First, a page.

Crime Library: Criminal Minds and Methods

The Murder of Andrew Kissel


Hayley Kissel
Hayley Kissel

In almost all murder cases, the spouse of the victim is automatically considered a person of interest, and in the case of Andrew Kissel's murder, his estranged wife did little to hide her animosity toward him.  By the time Hayley Kissel had filed for divorce in early 2005, she was totally fed up with him.  The moving men who had overheard the Kissels' heated argument days before the murder could attest to her feelings about Andrew.  The fact that she had gone to court to remove him from the rented house just a few days before he would be going away to prison shows just how bitter she was.  As Andrew Kissel's divorce lawyer, Howard Garber, told The Advocate, "By the time the motion was heard, she would have, at best, had possession of the home for three or four days."

In a revealing email message that Hayley Kissel had sent to her sister-in-law, Jane, on May 22, 2005, Hayley vented her frustrations.  "GOD I HATE YOUR BROTHER," the message began.

Despite their haggling over Robert's children, Hayley considered Jane her confidante.  Hayley, who had once been a mogul skiing champion, had been Jane's skiing coach in Vermont when she was a girl.  Andrew, Robert, and Jane loved to ski when they were kids, and Andrew's father had bought a vacation home in Stratton Mountain, Vermont, to accommodate their passion for the slopes.  Jane had introduced Andrew to Hayley when she was taking lessons.  Jane and Hayley had remained close over the years.

In that same email Hayley wrote to Jane, "Do you know last night in bed, I could actually see myself pummeling him to death and just enjoying the sensation of each and every shot and then this morning as I pulled out of the garage... all I wanted to do was crash into his Ferraris."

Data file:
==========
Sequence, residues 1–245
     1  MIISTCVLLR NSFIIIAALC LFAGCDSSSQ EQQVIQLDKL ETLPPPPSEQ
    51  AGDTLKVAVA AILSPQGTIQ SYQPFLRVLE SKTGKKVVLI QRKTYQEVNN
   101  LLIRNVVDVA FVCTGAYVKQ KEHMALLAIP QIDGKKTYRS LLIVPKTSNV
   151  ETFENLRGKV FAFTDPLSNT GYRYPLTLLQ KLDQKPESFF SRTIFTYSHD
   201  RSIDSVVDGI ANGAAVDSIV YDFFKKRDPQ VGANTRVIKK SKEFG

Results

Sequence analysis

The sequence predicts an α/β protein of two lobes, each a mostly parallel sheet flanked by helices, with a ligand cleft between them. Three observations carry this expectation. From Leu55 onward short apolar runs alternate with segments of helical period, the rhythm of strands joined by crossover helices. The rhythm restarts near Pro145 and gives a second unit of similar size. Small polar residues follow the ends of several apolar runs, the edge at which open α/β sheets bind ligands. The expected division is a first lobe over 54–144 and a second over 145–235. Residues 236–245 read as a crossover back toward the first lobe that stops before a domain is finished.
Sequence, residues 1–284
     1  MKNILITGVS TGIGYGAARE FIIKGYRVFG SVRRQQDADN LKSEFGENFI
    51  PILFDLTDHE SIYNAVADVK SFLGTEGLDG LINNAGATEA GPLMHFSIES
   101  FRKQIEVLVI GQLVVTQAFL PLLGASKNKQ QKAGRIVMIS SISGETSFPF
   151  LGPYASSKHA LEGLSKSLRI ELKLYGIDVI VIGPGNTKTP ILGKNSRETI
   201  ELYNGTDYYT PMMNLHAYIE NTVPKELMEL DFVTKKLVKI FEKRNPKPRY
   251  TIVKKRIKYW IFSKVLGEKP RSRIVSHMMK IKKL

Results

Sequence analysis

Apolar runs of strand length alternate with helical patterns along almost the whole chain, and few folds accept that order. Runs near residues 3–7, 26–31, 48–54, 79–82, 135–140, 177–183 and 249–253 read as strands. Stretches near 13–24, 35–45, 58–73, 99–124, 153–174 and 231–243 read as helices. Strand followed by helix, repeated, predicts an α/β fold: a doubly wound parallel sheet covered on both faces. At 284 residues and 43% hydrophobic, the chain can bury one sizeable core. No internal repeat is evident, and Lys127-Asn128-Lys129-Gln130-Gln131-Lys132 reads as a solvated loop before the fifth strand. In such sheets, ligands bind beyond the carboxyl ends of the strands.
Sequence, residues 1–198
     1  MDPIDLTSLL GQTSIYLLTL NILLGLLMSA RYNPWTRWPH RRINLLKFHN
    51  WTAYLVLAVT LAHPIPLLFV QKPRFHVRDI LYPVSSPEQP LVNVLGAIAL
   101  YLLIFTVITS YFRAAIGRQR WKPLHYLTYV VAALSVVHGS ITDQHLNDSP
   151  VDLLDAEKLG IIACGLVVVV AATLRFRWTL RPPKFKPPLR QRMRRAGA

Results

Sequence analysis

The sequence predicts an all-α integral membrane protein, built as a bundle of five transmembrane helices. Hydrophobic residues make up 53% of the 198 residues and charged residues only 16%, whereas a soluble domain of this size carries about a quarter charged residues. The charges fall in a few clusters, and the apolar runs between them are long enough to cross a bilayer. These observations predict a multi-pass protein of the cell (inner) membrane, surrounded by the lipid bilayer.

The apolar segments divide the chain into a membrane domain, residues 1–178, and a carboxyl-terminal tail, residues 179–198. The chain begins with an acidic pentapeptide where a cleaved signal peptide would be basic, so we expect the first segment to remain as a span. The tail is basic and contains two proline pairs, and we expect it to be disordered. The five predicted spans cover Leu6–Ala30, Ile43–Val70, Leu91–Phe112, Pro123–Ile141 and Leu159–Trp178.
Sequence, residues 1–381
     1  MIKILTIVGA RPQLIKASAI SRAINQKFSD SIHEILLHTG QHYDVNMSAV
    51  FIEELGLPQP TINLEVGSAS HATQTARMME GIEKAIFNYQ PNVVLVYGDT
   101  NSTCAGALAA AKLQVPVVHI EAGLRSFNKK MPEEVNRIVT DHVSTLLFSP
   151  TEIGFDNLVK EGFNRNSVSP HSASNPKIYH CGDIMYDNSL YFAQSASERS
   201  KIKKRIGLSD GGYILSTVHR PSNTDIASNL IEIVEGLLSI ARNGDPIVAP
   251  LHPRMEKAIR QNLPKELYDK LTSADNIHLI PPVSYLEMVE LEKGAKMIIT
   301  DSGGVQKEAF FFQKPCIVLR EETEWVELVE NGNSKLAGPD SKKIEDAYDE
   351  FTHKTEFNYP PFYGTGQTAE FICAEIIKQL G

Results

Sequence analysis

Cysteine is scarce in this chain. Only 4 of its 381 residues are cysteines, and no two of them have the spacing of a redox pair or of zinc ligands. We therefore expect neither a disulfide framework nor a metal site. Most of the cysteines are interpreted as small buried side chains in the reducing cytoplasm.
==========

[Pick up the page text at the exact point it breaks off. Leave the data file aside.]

She was particularly irked by a pole that Andrew had installed in the garage to protect his precious vintage cars.  "Do you know that I intentionally bang into the thing every time I park in the garage as an act of defiance?" she wrote.

In the email she characterized her husband as "an awful awful pathetic person."

But despite evidence of her hatred for her husband, authorities have not pursued Hayley Kissel as a suspect.  The circumstances of his death are not consistent with a crime of passion.  The murder appears to have been planned rather than a heat-of-the-moment event.

"Who would do a thing like this so brutally?" Andrew's father, William Kissel, told The Advocate.  "Somebody had to be very angry at him.  If somebody wanted to kill him they had to put a bullet in his head, not tie him up and stab him to death with a shirt over his head."

With no signs of forced entry at the house, the possibility of a robbery gone wrong has been ruled out.   Andrew Kissel must have known his killers and let them in.  Greenwich Police Chief James Walters says that Andrew was "the intended target of the assault."

Police Chief James Walters
Police Chief James Walters

Professor Larry Kobolinsky of John Jay College of Criminal Justice says that Kissel's murder "bears the hallmarks of a personal vendetta."  He told The Advocate that the killer or killers were either "seeking information" or trying to "teach him a long lesson."

Former Stamford detective Vito Colucci told The Advocate that Andrew Kissel's murder is "not your typical contract killing where you give a guy a shot."  He suggested that one of Kissel's enemies might have hired a hit man to make him suffer in death as punishment.  

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